Royal Commission report day 52 page 7 (2)

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The Royal Commission evidence for 4/8/1881

(full text transcription)

(see also introduction to day 53)

[[../../people/peL_M/meehanThomasPc.html|Const Thomas Meehan]] giving evidence

17643 By the Commission— What are you?— I am breaking in horses now.

17644 What were you formerly?— Formerly in the Victorian police force.

17645 You have written to the Commission asking to be called?— Yes.

17646 Have you any statement you would like to make now?— I have.

17647 You can do so?— I was in charge of the Mansfield station when Sergeant Kennedy went out to arrest Ned Kelly. I must, as a preliminary to that, state that I joined the police force in July 1873. I was left in charge at Mansfield, and Kennedy, Scanlan, Lonegan, and McIntyre went out. On the Sunday afternoon, about four o'clock (they were shot on the Saturday previous), McIntyre came into Mansfield. He said to me, “This is hell.” I said, “What is up, McIntyre?” He said, “Poor Scanlan is shot, Lonegan is shot, and I believe Sergeant Kennedy is shot.” Then I went to look for Sub-Inspector Pewtress to tell him about the occurrence. I had an interview with him, and said, “I know all about it, Sir. The best thing I can do is to start for Benalla directly.” He was excited at the time. Sent me up with my horse from the police station to get horses from the paddock to make up a search party to go out to look for the constables that were shot. I must say McIntyre, when he came in, took my revolver from me. There were no firearms in the police station at all. He took it, he said, because Dan Kelly swore at the Wombat that he would come in and roast him in Mansfield.

17648 Had you not each a revolver?— I had none, I gave mine to McIntyre. His was in the tent when Ned Kelly came on them at the Wombat.

17649 You said there were no firearms on the station?— None, only mine. I was despatched to Benalla to give word of the murders. I went as far as Barjarg —a station—and saw two suspicious looking men on the road, and I could not go past them because I had no arms at all, and I was in uniform. I said to myself, “Those men have encountered everything—they have shot the police—and what am I to do. I have no firearms, and I have been despatched on this message.” Then I returned back to Joe Allen's (a farmer that lives about a mile back from Barjarg), going back towards Mansfield again. I went back with the object of getting firearms. Allen was not at home. Then I asked Mrs. Allen how far was it back to Hickson's. I went to Hickson's. He was out, and there was nobody there at all. I must explain that Hickson's place is about a hundred yards off the road, and when I was coming out on to the road again two horsemen were on the road, and I said to myself, “I must do something. I must use my head as I have no firearms,” and I took the mare I was riding back and took the bridle off her, and took the boots off that pinched me. I took them off in the excitement of the moment, and made the best of my way to Broken River, my station. I travelled all night and got there the next day. I did not know the country at the time —I was a stranger.

17650 Did you let the horse go?— I let the horse go.

17651 Were they the same two men you saw before?— That I could not say, because it was dark. Then I came into Benalla, gave information to Mr. Sadleir after that. Mr. Nicolson was in Benalla at the time, and there were five of us despached to catch the Kellys. Senior-Constable James, O'Connor, Bray, who is dead now, and Senior-Constable Kelly. We had one rifle and four revolvers. We went up towards the King River, and we kept the main road all the time—never went into the bush at all, and on the Friday following we started for Bungamera, on the King. I came in to Mansfield. Then we had a consultation to know what was to be done. Sergeant Steele was there. We had no firearms at all, and we dare not make a move. Telegraphed to Benalla, then all were to go to Benalla, and Sub-Inspector Pewtress me, and said, “Meehan, I will never forget you as long as you are in my district for making such a fool of your-self as you did that night when you went out.”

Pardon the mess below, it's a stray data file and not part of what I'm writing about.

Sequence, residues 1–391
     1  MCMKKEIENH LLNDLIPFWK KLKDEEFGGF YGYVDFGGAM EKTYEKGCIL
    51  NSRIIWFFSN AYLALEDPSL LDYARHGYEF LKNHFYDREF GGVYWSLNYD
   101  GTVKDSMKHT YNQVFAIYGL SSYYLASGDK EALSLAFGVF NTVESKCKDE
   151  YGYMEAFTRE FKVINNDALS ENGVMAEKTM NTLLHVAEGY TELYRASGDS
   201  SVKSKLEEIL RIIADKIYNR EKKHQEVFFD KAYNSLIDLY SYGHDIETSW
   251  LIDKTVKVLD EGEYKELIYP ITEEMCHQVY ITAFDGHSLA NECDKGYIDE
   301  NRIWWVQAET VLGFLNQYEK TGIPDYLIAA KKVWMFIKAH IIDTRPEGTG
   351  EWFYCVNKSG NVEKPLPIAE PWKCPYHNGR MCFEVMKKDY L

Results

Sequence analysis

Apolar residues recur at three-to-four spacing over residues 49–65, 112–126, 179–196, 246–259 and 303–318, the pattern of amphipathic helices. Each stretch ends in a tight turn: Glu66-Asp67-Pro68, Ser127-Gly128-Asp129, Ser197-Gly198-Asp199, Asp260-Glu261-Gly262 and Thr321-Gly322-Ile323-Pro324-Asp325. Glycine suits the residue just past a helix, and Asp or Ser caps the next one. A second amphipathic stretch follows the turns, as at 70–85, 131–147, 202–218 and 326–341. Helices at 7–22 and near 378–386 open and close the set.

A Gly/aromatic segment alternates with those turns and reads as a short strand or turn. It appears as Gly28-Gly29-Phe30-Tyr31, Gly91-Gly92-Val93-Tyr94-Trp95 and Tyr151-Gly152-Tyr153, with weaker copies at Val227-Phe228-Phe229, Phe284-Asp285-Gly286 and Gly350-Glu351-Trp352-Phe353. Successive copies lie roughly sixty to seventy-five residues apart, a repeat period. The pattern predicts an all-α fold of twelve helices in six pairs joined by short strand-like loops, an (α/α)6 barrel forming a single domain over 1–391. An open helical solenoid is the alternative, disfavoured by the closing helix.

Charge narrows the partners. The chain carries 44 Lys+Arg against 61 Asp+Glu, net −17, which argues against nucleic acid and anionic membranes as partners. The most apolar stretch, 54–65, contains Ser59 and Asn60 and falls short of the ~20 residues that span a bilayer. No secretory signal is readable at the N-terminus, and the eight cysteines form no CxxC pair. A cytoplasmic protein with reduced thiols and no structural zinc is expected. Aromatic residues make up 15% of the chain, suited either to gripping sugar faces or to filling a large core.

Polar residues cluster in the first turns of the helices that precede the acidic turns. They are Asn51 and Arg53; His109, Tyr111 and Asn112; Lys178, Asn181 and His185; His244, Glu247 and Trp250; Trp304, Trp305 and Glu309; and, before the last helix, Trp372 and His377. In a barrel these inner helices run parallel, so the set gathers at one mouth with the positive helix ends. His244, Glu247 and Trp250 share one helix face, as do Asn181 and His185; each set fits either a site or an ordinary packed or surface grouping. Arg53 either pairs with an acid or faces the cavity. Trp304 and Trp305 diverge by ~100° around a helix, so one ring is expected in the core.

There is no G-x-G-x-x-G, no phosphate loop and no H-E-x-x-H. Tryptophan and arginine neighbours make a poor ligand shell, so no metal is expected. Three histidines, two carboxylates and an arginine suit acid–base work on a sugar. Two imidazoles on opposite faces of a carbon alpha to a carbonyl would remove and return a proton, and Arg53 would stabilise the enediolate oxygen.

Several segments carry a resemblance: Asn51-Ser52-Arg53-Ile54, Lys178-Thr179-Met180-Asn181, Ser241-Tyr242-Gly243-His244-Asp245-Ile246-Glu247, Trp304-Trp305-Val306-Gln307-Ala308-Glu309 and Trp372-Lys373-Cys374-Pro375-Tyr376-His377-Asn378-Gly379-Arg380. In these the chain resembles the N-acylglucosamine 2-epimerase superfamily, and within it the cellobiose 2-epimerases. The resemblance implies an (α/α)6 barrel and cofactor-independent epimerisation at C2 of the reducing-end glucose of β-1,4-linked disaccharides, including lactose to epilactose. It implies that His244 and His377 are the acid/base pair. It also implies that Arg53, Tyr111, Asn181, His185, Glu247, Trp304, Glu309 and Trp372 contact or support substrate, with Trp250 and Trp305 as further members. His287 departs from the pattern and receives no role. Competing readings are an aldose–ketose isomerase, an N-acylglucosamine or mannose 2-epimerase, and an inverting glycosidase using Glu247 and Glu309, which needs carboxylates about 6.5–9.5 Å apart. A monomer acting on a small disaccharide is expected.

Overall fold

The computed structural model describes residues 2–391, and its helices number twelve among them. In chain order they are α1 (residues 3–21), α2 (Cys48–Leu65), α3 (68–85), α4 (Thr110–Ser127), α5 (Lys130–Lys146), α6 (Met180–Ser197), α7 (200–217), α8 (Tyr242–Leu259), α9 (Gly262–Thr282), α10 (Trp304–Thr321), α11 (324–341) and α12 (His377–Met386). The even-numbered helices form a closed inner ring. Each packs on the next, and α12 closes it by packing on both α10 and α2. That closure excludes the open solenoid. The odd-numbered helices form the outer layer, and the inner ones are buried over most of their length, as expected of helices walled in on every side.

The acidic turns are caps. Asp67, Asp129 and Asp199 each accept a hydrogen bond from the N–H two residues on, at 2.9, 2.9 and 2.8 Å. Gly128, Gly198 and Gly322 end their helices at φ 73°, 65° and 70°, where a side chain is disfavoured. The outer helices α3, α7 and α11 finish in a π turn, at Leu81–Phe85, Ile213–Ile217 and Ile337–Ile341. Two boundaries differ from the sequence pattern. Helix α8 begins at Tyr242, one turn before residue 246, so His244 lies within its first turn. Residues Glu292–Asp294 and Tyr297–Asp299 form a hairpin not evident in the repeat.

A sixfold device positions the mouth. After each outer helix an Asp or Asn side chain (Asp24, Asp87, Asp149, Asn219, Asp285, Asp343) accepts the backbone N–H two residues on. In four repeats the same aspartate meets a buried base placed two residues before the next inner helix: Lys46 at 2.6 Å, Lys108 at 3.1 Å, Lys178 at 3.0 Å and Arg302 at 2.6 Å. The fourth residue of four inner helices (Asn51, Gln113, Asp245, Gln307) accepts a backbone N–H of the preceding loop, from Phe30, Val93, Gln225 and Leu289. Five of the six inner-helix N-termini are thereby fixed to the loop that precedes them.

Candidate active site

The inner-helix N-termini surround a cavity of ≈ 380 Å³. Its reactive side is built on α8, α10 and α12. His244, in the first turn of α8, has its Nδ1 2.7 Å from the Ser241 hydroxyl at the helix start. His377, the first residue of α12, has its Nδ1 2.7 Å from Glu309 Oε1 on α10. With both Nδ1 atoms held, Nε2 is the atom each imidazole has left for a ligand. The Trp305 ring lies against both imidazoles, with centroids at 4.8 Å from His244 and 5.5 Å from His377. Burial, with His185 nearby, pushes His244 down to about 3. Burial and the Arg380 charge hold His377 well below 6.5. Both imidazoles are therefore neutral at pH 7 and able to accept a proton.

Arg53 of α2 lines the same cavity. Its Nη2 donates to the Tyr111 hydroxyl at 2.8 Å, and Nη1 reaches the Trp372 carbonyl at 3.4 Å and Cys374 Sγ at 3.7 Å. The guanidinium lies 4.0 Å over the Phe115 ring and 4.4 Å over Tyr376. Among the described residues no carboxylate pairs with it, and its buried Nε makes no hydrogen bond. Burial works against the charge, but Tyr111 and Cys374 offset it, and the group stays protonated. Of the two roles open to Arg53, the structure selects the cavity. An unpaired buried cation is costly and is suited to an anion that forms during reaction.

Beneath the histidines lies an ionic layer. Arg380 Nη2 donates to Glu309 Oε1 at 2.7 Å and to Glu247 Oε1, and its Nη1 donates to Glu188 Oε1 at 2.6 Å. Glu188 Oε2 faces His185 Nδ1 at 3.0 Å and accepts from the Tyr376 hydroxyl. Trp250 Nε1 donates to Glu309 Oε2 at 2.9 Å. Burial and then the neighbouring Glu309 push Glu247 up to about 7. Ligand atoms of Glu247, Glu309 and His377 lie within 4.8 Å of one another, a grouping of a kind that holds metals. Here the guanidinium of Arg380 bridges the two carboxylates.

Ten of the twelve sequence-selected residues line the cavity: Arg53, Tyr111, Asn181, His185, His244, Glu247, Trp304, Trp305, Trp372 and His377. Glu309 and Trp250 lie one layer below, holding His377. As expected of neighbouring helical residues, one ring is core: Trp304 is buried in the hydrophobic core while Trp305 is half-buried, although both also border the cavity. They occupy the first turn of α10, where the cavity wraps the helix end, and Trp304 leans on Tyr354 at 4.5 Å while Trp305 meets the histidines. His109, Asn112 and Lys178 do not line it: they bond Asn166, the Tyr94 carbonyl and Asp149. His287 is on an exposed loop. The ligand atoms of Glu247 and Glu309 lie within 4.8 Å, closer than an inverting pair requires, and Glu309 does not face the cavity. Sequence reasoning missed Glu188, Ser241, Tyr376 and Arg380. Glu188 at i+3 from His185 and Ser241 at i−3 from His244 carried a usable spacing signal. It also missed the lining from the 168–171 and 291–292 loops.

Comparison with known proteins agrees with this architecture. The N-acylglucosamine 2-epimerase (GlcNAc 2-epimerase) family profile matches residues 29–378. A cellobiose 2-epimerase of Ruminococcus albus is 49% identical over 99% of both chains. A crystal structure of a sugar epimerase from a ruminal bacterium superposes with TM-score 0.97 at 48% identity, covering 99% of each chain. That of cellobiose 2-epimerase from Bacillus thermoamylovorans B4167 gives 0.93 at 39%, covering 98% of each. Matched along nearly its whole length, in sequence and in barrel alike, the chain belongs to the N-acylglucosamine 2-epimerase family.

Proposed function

17652 That is in leaving your horse behind?— Yes.

17653 Did you get the horse again?— The next morning Mr. Hickson came out and saw the horse in the paddock, and took it back to Mansfield, and the report was that I was shot, and there was a search party went out after me, and I was in Benalla at the time.

17654 Did they take any arms?— I could not say, but I heard afterwards there were about ten of them came out of Mansfield to search for me. When I came into Benalla and reported the affair to Mr. Sadleir, he was away somewhere inspecting the stations. And there was the great Sebastopol raid. He chose to interview me about this night, and said to me, “Meehan, would not it be better for you then, that you were shot, than to be out all night in the bush?” Of course I differed with him in that. Then he asked me, why did not I challenge those two men, and I told him I had nothing to challenge them with. It is ridiculous now, but my word, at the time it was serious.

17655 Did either of those men, in either case, attempt to interfere with you to cause you to have such a desperate fright?— No, but they had dogged me—they had come back to Joe Allen's and then back to Hickson's.

17656 You stated that you could not tell whether they were the same two men?— I could not say.

17657 Then how did they “dog you”?— I could see the two horsemen were at Hickson's when I came out.

17658 The first men you saw were by the side of the road, not on horseback ? — They had their horses with them; that I can swear. ....

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